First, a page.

Disputed Claim

Declarer with 3 cards in his hand claimed the remaining tricks in a suit contract, stating that there were no trumps left and he had 2 master diamonds and the last trump. In fact an opponent had the master trump and two top clubs to cash. Declarer then said he would play his diamonds and said that he would have 2 of the last 3 tricks, just making his contract. This was a match played at a player’s home with no director to refer to, but I was contacted later for an opinion, which I gave as follows:

I think the relevant Law is no.70 – Contested Claim or Concession. Section C is titled ‘Where there is an Outstanding Trump’. This states:

When a trump remains in one of the opponents hands, the Director shall award a trick or tricks to the opponents if;

A claimer made no statement about that trump; and
It is at all likely that claimer at the time of his claim was unaware that a trump remained in an opponent’s hand, and;
A trick could be lost to that trump by any normal* play.

Declarer made a mistake by not stating at the outset of the claim that he was to play diamonds; with him being mistaken about a trump being outstanding he might have played the trump first when the opponents would win all 3 remaining tricks. I think in these circumstances I would award all 3 tricks to the opponents.

I would be grateful for any observations.

Pete Smith – Chepstow

One thought on “Disputed Claim”

  1. Based on the facts as given, you are perfectly correct in your assessment of the situation. At the time of making the claim, declarer did not state the order in which he would play his cards – obviously having forgotten an opponent’s master trump. Having been made aware of the missing (master) trump, he is not now allowed to add anything to his original statement (Law 70B1, 70C1), and effectively the Director now plays the cards in any ‘normal’ way (normal should include careless or inferior for the class of player). If declarer thought they were all winners, there is no reason why he shouldn’t play his trump first, and hence lose the last three tricks. Correct decision – three tricks to the opponents. I would also draw your attention to Law70A – if in doubt the ruling goes against the claimer.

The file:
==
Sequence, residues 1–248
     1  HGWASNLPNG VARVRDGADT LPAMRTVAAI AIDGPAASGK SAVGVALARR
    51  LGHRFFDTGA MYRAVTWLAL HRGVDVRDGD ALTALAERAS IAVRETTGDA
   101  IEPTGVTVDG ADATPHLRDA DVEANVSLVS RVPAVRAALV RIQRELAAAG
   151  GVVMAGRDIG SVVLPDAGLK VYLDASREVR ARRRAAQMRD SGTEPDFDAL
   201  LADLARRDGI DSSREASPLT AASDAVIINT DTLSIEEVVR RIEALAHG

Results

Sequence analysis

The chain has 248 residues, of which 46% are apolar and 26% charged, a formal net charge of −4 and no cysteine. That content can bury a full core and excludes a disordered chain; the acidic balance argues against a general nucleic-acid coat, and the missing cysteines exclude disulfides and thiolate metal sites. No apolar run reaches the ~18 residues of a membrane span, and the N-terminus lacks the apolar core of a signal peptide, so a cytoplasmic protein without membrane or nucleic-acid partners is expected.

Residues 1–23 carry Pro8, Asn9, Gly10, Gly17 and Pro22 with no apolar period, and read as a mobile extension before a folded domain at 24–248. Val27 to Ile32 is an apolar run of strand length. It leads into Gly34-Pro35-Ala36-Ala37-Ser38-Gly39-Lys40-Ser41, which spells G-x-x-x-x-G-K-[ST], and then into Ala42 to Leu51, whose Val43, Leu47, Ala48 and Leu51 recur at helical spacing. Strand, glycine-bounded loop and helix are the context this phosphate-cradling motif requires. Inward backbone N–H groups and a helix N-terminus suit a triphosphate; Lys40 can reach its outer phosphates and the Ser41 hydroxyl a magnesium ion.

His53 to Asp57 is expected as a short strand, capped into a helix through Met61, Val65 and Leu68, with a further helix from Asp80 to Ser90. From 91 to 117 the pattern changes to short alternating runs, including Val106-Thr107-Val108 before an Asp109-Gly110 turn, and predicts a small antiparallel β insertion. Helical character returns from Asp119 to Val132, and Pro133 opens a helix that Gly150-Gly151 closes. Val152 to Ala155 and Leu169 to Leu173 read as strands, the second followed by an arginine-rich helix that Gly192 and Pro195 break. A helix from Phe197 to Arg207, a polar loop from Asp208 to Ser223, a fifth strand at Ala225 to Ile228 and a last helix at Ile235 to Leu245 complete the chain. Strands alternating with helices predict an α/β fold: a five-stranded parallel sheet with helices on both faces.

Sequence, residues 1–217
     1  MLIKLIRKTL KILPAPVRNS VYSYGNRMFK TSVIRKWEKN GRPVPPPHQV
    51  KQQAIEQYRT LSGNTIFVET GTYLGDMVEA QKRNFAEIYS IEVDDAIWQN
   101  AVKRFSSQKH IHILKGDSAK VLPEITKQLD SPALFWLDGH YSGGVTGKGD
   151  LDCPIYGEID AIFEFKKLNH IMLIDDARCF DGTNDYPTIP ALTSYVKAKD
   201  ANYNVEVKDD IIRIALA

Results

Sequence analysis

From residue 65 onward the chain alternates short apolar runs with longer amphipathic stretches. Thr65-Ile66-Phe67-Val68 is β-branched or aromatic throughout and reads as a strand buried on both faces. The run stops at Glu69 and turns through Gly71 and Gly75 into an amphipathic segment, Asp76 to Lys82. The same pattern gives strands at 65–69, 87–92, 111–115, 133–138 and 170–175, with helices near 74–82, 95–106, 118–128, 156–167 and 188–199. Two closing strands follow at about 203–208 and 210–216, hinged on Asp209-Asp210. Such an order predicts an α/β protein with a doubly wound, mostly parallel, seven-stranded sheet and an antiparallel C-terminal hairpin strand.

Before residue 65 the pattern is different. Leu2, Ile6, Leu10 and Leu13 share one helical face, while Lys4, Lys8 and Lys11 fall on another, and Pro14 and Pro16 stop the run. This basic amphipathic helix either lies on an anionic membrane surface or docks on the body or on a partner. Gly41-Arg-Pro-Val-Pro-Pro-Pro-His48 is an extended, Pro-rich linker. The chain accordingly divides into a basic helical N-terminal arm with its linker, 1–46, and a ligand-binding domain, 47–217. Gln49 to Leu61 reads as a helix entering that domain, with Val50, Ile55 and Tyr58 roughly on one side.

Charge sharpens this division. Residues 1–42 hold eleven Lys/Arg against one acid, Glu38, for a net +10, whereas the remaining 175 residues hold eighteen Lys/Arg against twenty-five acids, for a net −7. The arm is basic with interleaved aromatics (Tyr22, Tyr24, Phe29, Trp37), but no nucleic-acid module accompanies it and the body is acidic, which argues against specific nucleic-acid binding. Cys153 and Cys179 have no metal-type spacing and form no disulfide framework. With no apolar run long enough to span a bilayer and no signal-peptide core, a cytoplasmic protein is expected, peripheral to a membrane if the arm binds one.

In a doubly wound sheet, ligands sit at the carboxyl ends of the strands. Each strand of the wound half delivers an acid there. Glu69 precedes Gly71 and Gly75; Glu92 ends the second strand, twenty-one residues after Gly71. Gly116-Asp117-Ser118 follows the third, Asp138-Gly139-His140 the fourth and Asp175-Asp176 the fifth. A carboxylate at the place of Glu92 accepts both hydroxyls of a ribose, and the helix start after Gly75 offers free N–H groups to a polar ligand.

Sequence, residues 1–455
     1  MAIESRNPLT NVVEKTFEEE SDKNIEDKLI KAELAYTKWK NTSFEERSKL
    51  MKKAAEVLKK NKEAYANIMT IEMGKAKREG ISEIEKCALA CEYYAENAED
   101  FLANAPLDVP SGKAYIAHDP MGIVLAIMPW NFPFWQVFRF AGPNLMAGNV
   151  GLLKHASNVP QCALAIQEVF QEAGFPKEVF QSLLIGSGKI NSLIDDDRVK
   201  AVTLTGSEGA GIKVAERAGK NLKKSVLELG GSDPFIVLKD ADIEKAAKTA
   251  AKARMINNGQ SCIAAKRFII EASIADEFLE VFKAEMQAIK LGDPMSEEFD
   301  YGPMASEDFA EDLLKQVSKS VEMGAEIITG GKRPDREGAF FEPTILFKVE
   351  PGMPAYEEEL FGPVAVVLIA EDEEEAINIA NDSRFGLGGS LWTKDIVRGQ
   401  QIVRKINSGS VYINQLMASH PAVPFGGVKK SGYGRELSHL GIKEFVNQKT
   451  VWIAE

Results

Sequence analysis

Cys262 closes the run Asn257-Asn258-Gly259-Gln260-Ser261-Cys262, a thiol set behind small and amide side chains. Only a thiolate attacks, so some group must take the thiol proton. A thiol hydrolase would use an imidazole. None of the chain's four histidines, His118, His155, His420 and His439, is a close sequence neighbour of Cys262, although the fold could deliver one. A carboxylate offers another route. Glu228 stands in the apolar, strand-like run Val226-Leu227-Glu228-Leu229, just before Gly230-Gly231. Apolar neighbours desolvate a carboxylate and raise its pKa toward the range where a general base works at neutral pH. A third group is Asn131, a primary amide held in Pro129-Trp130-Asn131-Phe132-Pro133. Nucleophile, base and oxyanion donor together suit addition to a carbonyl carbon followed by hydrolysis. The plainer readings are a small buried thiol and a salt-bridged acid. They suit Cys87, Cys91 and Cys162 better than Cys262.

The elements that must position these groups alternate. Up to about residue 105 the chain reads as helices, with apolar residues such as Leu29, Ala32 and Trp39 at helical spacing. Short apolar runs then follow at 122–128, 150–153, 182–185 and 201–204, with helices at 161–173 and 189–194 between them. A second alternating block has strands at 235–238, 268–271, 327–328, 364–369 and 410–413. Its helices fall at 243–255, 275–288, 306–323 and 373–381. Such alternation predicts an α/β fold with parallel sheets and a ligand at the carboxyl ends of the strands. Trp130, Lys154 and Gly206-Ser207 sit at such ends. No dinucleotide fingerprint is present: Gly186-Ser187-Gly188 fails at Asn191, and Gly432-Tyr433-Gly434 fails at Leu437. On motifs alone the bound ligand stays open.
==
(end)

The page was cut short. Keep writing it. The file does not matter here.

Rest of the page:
In the general situation when a player claims, having forgotten any outstanding trumps, it’s usually very difficult for the claimer to extract any benefit. For example, if claimer had three remaining cards, say ‘KQ5’ of trumps and then claimed, having forgotten that the ‘6’ was missing, it would be normal to play ‘K’ trumps first, – nobody plays the trumps from the bottom up with this solid honour combination – claim allowed. However if claimer had say ‘852’of trumps it is not now clear-cut the order in which he should play the trumps. If he is careless enough to not realise there is an outstanding trump, it’s equally careless to play either the ‘5’ or ‘2’ first, thereby possibly losing one trick to the opponents. Obviously there are less extreme situations, where the Director has to use some judgement.

    Tony

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